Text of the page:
These are chat archives for symengine/symengine

16th
Feb 2015
Ondřej Čertík
@certik
Feb 16 2015 04:28

@shivamvats yes, you can definitely do cross sympy-csympy proposal. csympy is a complement to sympy, and we want to have optimal algorithms in sympy, and especially in a case like this, when we are not 100% sure what the best data structures are, we should start in Python and SymPy. Regarding limits, I don't think you have to modify those at all, they simply use the series module from sympy, so if we change the internals of those, limits will automatically use it.

@Sumith1896 as to what should be implemented, first in sympy: the polynomials must support necessary routines for series manipulation, the start is already there in `ring_series.py`, but it needs to be finished. Otherwise I think the polynomials in sympy are pretty good. We should talk to Mateusz (the author of the polys module) about this as well.
For csympy --- I think we need at least enough to support series expansion, and then enough to implement things like `cancel()`.

Overall, I would stick to spare representation. Overall it seems it will deliver very good performance for all cases, and only in few cases, dense or other representation might be slightly more efficient.

Draft the proposals and ping me, we can iterate upon it. If some of it will get done before GSoC starts, then great. There will always be things to work on during the summer.
Ondřej Čertík
@certik
Feb 16 2015 04:42
Here are things that I am currently playing with and that you should also understand about the polys:
• the sparse polys in SymPy use a tuple of ints `(5, 2, 3)` to represent the monomial `x^5 y^2 z^3`. Then you have a dictionary (hashtable) where you simply store the coefficients, so `3x^5y^2z^3+x` becomes `{(5, 2, 3): 3, (1, 0, 0):1}` and that's your sparse representation.
The exponents however can be packed into one integer, e.g. if each requires 8 bits, then you need total of 24 bits and you can use up to 64bit integers (or perhaps 128bit using the `__int128` type in C++). So you pack them into one integer, that's called Kronecker substitution, and then you use just that integer as the key in the hashtable, so everything becomes much faster. Also, multiplying two monomials then just becomes adding the ints of exponents, etc. Of course, if the exponents are too large to be packed, then the code needs to notice this and raise an exception, the user then needs to use the tuple representation (`std::vector<int>` in C++, though `std::array` is faster, as `std::vector` is allocating on heap, so Piranha implements its own fast small vector that uses static allocation).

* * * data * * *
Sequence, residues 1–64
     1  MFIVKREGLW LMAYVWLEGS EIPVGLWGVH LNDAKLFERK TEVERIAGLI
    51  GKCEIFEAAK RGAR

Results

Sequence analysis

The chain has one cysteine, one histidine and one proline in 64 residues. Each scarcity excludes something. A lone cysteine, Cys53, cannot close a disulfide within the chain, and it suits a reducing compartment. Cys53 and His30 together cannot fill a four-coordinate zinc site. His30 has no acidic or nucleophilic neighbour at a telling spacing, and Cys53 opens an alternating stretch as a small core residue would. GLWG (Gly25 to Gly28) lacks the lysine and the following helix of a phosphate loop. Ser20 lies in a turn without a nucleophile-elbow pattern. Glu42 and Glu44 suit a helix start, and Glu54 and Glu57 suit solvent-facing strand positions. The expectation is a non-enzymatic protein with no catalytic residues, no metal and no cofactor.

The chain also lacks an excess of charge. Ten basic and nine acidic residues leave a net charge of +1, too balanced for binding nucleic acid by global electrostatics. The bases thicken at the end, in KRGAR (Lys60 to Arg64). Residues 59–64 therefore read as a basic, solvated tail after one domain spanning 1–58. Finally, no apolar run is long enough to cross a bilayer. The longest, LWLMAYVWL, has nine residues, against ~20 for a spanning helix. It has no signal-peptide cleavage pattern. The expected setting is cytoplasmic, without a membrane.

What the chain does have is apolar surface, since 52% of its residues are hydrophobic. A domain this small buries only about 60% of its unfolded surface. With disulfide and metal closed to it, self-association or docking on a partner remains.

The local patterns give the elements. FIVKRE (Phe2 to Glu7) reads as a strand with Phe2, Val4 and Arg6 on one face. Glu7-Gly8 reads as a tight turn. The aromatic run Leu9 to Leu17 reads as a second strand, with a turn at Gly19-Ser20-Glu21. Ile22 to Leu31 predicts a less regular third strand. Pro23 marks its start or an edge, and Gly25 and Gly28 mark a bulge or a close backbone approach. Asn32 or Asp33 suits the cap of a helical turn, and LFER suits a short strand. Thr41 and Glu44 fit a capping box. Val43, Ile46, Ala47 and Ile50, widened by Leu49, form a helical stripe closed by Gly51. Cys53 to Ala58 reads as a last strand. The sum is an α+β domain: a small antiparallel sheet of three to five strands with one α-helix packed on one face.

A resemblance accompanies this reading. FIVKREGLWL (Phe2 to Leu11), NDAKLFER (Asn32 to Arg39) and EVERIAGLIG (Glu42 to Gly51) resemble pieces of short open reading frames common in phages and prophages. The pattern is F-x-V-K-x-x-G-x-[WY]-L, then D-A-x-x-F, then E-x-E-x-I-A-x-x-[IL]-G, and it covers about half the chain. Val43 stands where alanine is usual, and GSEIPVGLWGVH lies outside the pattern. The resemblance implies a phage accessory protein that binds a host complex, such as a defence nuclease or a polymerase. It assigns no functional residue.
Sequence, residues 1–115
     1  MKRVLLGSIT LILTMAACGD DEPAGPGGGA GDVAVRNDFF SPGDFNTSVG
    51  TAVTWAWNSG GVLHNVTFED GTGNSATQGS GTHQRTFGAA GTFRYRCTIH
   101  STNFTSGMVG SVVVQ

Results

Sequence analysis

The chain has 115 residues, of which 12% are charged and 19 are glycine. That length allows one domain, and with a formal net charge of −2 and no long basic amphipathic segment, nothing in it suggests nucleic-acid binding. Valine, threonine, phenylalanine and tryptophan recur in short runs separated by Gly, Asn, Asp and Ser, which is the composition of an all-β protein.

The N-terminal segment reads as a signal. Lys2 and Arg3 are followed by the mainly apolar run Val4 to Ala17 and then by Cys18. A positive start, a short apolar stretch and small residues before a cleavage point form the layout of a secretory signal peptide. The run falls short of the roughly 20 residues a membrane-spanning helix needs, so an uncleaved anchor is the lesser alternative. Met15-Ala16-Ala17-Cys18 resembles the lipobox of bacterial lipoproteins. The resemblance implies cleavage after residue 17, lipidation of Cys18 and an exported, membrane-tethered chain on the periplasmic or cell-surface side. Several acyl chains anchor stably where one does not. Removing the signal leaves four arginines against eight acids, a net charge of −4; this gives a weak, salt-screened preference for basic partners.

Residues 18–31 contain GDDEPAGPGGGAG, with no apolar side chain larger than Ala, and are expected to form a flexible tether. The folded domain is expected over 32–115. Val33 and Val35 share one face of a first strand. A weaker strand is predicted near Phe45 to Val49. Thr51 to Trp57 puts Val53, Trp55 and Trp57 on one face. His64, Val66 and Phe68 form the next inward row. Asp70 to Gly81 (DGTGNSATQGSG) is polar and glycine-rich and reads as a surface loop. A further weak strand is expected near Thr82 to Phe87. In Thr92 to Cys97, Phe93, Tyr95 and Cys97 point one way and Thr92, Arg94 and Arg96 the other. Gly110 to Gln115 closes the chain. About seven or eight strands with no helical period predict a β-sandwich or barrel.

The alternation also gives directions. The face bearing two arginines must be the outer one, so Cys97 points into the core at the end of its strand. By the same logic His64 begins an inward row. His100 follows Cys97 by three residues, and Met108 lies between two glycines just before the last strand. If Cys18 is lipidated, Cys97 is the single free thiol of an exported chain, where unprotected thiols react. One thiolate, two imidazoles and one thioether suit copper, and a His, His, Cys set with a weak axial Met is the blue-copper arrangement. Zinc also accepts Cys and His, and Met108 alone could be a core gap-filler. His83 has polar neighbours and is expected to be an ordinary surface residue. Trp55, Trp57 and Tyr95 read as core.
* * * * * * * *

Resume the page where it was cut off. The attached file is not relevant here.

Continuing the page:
• the integer arithmetic, the coefficients of the monomials, must be very fast. SymPy uses either Python ints (slow) or gmpy (fast). In C++, we also use GMP, but even faster is to use machine integers for small integers and then switch to GMP for large integers. This trick can and should be used for all CSymPy integers, it should speed things up considerably.
• the hashtable should be tailored for this purpose, so Piranha stores the values directly in the array (if there is only one value in a bucket), only if there is more values in a bucket, it uses a linked list I think. Also, there is a trick to use a 1:1 hash function, Piranha uses that.
• finally, we also need polynomials with rational coefficients and probably rational exponents as well, etc.